PUBLISHED: June 22, 2011
New law will help keep kids healthy
Sandi Van Scoyoc | Concord Monitor | Link to article
Our state and nation are struggling with a childhood obesity epidemic. The statistics are alarming: At least one in three children is either overweight or obese, and will most likely suffer with diabetes at some point in his or her life. The cost to our economy? Nationally, we're spending almost $150 billion every year to treat obesity-related health conditions. So what are we doing about it?
Despite budget challenges, passage of the Child Nutrition Bill (The Healthy, Hunger-Free Kids Act of 2010) by Congress last December has created an exciting, new foundation for making some important changes in our children's food environment. Many of the provisions will take effect this summer, and these changes are all positive. Most important, the Act:
• Establishes new nutrition standards. The bill requires school, child-care facilities and other programs serving children to offer more fruits and vegetables, whole grains, and low-fat dairy products if they wish to receive federal reimbursement.
• Encourages physical activity. The bill requires that those who participate in the meals program provide daily opportunities for physical activity and limit the time spent watching television or other electronic media.
• Increases federal reimbursement. For the first time in more than three decades, the bill increases federal reimbursement for eligible school lunches beyond inflation - to help cover the cost of higher-quality meals.
• Provides technical assistance and other support. The provisions of the bill include training to help staff understand the benefits of the program, as well as resources to help providers communicate with parents and the community about the importance of serving healthier food to children.
For school officials and child-care providers, the ultimate impact of this legislation is fairly simple: It's about getting higher quality food into our classrooms and our cafeterias, and the junk food out the door, while also providing a minimum level of physical activity each day. This legislation doesn't mandate compliance, and there is no obligation to participate. The real intent is merely to expand the variety of food being offered to our children.
If you are a New Hampshire school official or child-care provider, this law has help for you.
It gives you access to a financial support system for your meal program. It provides contact with a network of professionals who will help you implement and sustain your meal program. And it makes available training to enhance your professional standing with parents and colleagues.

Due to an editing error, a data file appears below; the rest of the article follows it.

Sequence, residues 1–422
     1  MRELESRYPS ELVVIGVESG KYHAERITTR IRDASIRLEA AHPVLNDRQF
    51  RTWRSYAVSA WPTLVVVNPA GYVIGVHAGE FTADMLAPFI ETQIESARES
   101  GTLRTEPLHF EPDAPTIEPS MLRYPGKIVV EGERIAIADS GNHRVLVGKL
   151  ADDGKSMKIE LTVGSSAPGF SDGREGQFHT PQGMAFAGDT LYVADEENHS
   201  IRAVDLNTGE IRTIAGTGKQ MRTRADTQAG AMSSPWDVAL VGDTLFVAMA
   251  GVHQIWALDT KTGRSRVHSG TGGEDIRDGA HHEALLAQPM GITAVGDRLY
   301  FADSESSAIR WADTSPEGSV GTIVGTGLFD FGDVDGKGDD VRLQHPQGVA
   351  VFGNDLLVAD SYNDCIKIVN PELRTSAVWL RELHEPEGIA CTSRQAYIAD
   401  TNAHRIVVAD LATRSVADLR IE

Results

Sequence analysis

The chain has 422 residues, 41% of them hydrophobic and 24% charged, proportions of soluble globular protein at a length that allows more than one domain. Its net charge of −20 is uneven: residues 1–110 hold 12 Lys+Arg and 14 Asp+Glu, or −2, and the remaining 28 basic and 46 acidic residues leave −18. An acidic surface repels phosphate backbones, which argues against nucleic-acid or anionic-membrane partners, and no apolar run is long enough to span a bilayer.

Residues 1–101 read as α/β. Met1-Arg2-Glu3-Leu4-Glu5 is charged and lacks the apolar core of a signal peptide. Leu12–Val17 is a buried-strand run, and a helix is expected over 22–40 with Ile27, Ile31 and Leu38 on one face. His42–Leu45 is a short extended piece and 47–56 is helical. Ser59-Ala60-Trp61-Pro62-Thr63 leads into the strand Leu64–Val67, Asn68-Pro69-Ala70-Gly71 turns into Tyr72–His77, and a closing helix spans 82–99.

For parents - and all those who care about the health and well-being of our state's children - this legislation creates a new question for you to ask whenever you entrust your children to the care of others: Do you participate in the federal meal program?
If the answer is "yes," you can now be assured that healthy food and snacks are available to your children each day.
If the answer is "no," then we hope that you'll ask a few additional questions about the food that is available, and why your child's school or childcare provider is not participating.
Ultimately, this legislation challenges all of us to learn more about our children's food environment, and to be a good model for them in the environment we can control: the home.
We hope it inspires us to think more thoughtfully about our total food environment, and perhaps make some adjustments in how we - individually, as a family, and as a community - eat and live.
What does it mean to be a healthy community? While the primary goal of this legislation is to solve the problem of childhood obesity in a generation - so kids born today can reach adulthood at a healthy weight - there is much more involved in making that actually happen. We strongly believe that the passage of the "Healthy and Hunger-Free Kids Act of 2010" takes some crucial steps in creating a healthier food environment for our children, but it also brings some other key community health issues to light.
There is a clear need to have more local community discussions about how the food environment impacts our kids - as well as the rest of us!
Go to hnhfoundation.org or call 271-3883 to learn more about how this legislation impacts you, your kids and your community.
(Sandi Van Scoyoc is president of the HNH Foundation. This piece was also signed by Patricia Cantor and Julie McConnell of the New Hampshire Child Care Advisory Council; Judith Fillion, director of the Division of Program Support at the state Department of Education; Laura Milliken, director of the New Hampshire Early Childhood Advisory Council; Jose Montero, director of the state Division of Public Health Services; Elaine Van Dyke, administrator of the state Bureau of Nutrition Programs and Services; and Ellen Wheatley, administrator of the state Child Development Bureau.)